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Engineering    2017, Vol. 3 Issue (4) : 527 -537     DOI: 10.1016/J.ENG.2017.04.017
Research |
Some Challenges of Deep Mining
Charles Fairhurst1,2()
1. University of Minnesota, Minneapolis, MN 55455, USA
2. Itasca International Inc., Minneapolis, MN 55401, USA
Abstract
Abstract  

An increased global supply of minerals is essential to meet the needs and expectations of a rapidly rising world population. This implies extraction from greater depths. Autonomous mining systems, developed through sustained R&D by equipment suppliers, reduce miner exposure to hostile work environments and increase safety. This places increased focus on “ground control” and on rock mechanics to define the depth to which minerals may be extracted economically. Although significant efforts have been made since the end of World War II to apply mechanics to mine design, there have been both technological and organizational obstacles. Rock in situ is a more complex engineering material than is typically encountered in most other engineering disciplines. Mining engineering has relied heavily on empirical procedures in design for thousands of years. These are no longer adequate to address the challenges of the 21st century, as mines venture to increasingly greater depths. The development of the synthetic rock mass (SRM) in 2008 provides researchers with the ability to analyze the deformational behavior of rock masses that are anisotropic and discontinuous—attributes that were described as the defining characteristics of in situ rock by Leopold Müller, the president and founder of the International Society for Rock Mechanics (ISRM), in 1966. Recent developments in the numerical modeling of large-scale mining operations (e.g., caving) using the SRM reveal unanticipated deformational behavior of the rock. The application of massive parallelization and cloud computational techniques offers major opportunities: for example, to assess uncertainties in numerical predictions; to establish the mechanics basis for the empirical rules now used in rock engineering and their validity for the prediction of rock mass behavior beyond current experience; and to use the discrete element method (DEM) in the optimization of deep mine design. For the first time, mining—and rock engineering—will have its own mechanics-based “laboratory.” This promises to be a major tool in future planning for effective mining at depth. The paper concludes with a discussion of an opportunity to demonstrate the application of DEM and SRM procedures as a laboratory, by back-analysis of mining methods used over the 80-year history of the Mount Lyell Copper Mine in Tasmania.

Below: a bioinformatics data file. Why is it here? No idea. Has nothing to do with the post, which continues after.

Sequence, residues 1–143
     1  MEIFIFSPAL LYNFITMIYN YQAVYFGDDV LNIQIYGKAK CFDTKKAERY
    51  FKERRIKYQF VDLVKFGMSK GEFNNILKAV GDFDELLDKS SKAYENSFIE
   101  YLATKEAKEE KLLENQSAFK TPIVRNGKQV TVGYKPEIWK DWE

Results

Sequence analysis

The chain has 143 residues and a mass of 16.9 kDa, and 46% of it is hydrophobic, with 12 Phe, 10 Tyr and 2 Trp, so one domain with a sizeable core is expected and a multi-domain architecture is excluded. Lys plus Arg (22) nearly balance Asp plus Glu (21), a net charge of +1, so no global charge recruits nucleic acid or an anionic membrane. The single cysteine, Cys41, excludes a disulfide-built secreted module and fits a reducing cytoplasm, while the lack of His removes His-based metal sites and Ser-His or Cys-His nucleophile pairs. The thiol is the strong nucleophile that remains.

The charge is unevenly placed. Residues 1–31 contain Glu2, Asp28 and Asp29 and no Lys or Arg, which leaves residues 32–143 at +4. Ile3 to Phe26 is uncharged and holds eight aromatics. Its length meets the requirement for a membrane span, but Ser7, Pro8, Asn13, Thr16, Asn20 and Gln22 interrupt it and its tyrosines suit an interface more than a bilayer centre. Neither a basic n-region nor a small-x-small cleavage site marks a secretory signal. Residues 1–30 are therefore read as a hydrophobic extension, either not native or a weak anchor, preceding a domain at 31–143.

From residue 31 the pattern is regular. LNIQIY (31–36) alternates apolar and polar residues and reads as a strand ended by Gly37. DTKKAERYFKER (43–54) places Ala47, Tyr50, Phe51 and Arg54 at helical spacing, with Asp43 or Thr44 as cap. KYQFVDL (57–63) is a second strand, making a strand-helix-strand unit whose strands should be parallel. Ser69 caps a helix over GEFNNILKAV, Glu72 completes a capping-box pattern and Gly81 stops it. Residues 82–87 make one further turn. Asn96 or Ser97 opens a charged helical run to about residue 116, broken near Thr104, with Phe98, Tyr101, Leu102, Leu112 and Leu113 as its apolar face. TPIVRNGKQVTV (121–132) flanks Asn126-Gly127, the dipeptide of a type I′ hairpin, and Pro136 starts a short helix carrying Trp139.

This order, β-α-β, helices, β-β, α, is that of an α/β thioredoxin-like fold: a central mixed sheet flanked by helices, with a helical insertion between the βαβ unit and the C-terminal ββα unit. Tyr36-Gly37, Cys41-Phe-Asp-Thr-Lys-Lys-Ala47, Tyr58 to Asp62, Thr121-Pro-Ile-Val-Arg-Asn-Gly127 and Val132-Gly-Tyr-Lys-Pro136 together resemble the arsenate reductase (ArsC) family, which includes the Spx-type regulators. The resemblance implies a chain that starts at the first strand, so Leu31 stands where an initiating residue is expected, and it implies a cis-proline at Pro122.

Keywords Deep mining      Rock discontinuities      Synthetic rock mass      Mineral resources      Rock mechanics     
Corresponding Authors: Charles Fairhurst   
Online First Date: 31 August 2017    Issue Date: 13 September 2017
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Charles Fairhurst. Some Challenges of Deep Mining[J]. Engineering, 2017, 3(4): 527 -537 .
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http://engineering.org.cn/EN/10.1016/J.ENG.2017.04.017     OR     http://engineering.org.cn/EN/Y2017/V3/I4/527
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